"link": "https://www.facebook.com/mary.loaiza.921", 
  "locale": "es_LA", 
  "name": "Mary Loaiza", 
  "updated_time": "2014-06-08T01:32:22+0000", 
  "username": "mary.loaiza.921"
}

And then check out the next integer, https://graph.facebook.com/v1.0/1138975846

{
  "id": "1138975846", 
  "first_name": "Chase", 
  "gender": "male", 
  "last_name": "Krywaruchka", 
  "link": "https://www.facebook.com/chase.krywaruchka", 
  "locale": "en_US", 
  "name": "Chase Krywaruchka", 
  "updated_time": "2013-09-17T03:17:00+0000", 
  "username": "chase.krywaruchka"
}

With parameters in the URL at this level, you need to be especially careful to use unique identifiers, like GUIDs perhaps, for your object references. Otherwise you run the risk of someone downloading your entire user list – not to give you any ideas.

Mass Assignment Vulnerability

The Mass Assignment Vulnerability is a special flaw in ActiveRecord, a database access methodology commonly used in REST APIs. For instance, take this Person object, right from Uncle Bob:

image

 

 

 

 

It is possible, in many languages, to instantiate a new Person in such a way that it just sucks in all of the correctly named form fields. However, a malicious user can change the client side JavaScript to set other fields that might not be on the form:

params[:person] = { isFlaggedForAudit: true}


This is because ActiveRecord will autogenerate the underlying class on the API side, and it won’t distinguish between fields that the user should be able to set than those the user shouldn’t have write access to. For publically accessible classes, it’s recommended that you explicitly exclude sensitive fields, as shown.

[Bind(Exclude = “IsFlaggedForAudit")]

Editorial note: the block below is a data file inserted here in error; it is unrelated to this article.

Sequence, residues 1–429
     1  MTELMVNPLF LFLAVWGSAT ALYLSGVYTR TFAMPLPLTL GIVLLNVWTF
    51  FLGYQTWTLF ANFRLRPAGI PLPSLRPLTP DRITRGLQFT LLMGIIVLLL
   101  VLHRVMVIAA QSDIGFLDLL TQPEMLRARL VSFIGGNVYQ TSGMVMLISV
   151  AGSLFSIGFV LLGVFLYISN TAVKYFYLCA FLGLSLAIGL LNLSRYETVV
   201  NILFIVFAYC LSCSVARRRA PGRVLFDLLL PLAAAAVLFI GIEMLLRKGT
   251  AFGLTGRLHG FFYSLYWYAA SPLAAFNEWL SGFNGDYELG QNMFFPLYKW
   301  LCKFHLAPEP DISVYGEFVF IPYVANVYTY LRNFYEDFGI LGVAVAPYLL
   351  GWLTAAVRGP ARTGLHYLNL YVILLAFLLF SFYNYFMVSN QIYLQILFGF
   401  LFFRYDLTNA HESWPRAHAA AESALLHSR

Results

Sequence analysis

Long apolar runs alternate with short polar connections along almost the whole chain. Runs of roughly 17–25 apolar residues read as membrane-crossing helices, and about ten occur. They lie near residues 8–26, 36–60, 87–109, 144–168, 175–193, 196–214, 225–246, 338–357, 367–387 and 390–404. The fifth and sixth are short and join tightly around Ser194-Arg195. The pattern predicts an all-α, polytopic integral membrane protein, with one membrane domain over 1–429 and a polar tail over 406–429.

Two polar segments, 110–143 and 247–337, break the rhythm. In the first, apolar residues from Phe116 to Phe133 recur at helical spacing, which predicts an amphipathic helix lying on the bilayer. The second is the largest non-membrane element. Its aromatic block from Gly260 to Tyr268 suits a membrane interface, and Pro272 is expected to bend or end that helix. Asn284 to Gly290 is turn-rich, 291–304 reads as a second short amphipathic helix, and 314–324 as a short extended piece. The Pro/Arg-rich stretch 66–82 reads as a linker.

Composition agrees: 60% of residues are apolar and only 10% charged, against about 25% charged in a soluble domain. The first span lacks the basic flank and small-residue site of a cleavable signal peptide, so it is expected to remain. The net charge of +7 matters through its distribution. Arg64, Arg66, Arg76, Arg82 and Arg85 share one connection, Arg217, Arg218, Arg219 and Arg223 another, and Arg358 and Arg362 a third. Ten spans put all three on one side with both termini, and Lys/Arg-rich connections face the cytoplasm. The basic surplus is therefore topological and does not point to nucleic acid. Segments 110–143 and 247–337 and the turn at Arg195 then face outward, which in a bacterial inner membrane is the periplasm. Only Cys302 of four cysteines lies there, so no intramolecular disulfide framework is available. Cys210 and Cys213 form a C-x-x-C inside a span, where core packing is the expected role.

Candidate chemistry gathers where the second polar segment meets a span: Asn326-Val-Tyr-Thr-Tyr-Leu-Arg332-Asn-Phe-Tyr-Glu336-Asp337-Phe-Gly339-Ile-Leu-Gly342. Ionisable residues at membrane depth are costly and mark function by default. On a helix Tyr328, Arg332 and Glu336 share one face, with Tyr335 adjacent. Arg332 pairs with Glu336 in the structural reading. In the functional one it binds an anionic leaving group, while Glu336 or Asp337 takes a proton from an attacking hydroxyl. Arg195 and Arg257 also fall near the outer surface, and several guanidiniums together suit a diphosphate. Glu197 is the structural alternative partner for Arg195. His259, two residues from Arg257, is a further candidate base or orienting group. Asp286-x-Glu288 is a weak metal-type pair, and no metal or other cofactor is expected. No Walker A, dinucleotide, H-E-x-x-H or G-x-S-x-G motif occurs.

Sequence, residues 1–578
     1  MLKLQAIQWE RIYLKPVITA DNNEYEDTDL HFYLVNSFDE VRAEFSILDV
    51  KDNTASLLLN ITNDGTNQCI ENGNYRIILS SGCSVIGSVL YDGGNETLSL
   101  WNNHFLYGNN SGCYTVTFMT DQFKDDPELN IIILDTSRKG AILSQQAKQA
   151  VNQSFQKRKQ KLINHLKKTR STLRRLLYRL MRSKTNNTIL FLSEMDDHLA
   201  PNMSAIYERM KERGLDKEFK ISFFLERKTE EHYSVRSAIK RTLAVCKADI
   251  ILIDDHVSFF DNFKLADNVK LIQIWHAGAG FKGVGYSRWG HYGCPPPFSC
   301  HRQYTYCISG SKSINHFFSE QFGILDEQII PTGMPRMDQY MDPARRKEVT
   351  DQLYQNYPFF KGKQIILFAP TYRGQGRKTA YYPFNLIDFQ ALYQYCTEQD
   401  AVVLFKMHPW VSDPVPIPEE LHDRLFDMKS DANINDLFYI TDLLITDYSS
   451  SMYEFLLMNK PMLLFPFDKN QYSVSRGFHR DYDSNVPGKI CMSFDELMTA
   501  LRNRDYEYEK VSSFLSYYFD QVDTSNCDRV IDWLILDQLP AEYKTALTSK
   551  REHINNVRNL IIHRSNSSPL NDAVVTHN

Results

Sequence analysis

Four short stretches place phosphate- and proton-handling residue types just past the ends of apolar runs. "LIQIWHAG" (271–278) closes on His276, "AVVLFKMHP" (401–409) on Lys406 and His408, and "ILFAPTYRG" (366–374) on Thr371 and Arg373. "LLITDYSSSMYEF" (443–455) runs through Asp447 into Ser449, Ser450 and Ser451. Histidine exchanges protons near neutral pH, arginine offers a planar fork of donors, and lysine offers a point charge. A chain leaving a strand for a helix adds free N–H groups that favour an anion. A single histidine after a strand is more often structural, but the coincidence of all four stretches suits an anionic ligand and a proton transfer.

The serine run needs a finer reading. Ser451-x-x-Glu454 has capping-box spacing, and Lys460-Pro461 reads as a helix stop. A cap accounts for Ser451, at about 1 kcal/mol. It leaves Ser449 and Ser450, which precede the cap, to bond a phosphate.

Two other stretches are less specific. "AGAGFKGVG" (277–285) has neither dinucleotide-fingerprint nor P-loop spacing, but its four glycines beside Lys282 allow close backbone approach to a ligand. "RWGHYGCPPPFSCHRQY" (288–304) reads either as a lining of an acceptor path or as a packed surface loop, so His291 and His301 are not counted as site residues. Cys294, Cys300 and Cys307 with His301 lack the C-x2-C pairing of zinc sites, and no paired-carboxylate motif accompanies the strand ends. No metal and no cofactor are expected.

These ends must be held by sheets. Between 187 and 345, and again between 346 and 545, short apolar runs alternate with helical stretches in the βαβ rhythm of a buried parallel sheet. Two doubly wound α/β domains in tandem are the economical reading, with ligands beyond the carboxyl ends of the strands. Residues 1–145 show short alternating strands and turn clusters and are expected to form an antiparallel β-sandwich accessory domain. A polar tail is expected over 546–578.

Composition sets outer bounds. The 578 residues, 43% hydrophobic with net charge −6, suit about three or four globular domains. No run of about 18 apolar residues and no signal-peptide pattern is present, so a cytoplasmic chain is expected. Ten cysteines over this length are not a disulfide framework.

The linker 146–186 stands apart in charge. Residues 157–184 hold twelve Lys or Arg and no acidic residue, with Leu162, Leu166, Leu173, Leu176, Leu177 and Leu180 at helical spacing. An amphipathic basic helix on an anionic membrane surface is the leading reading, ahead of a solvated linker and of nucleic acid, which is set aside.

public class User
{
  public int FirstName{ get; set; }
  public string LastName{ get; set; }
  public string NumberOfDependents{ get; set; }
  public bool IsFlaggedForAudit{ get; set; }
}

REST has special Architectural Considerations

Aside from the general good practices and specific code protection, there are a few overriding considerations that should go into planning an API.

Carefully Consider Your Authentication

Consider the audience for your API and then plan for authentication early. If you have a small number of discrete users, consider using digital certificates for authentication. They are a pain to set up, but it doesn’t get more secure. If you have a public audience, then look into HMAC. It is supported on most platforms.

Treat your API Keys like PKI

If you go with HMAC, make sure your user base understands to treat their secret key like a private key in a PKI environment. It is literally the key to the kingdom. I can’t even begin to tell you haw often I have found the secret key in the URL (not secret) or the comments of a JS file (also not secret).

Treat Your URL Like A Method

In REST, the URL is your method signature. Plan them that way. Name them intelligently, and make sure they aren’t leaking information that shouldn’t be in there.

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Burp even has a special tool for fuzzing REST style parameters. Just because we don’t have the parameter names doesn’t mean they can’t be fuzzed.

Treat Your API Like A Web Site

Finally, don’t assume that because your web site was tested, that you can just go and expose previously internal services as external REST APIs. The API needs to be tested and reviewed separately. Treat it like a site of its own.

Building a tool for REST testing

I am working on a BURP plugin for checking for several of these. You can find the project on Google Code. If you’d like to be in on the project, please let me know and you can take a piece and work on it.

Who the heck is Bill Sempf?

Bill Sempf

Husband. Father. Pentester. Secure software composer. Brewer. Lockpicker. Ninja. Insurrectionist. Lumberjack. All words that have been used to describe me recently. I help people write more secure software.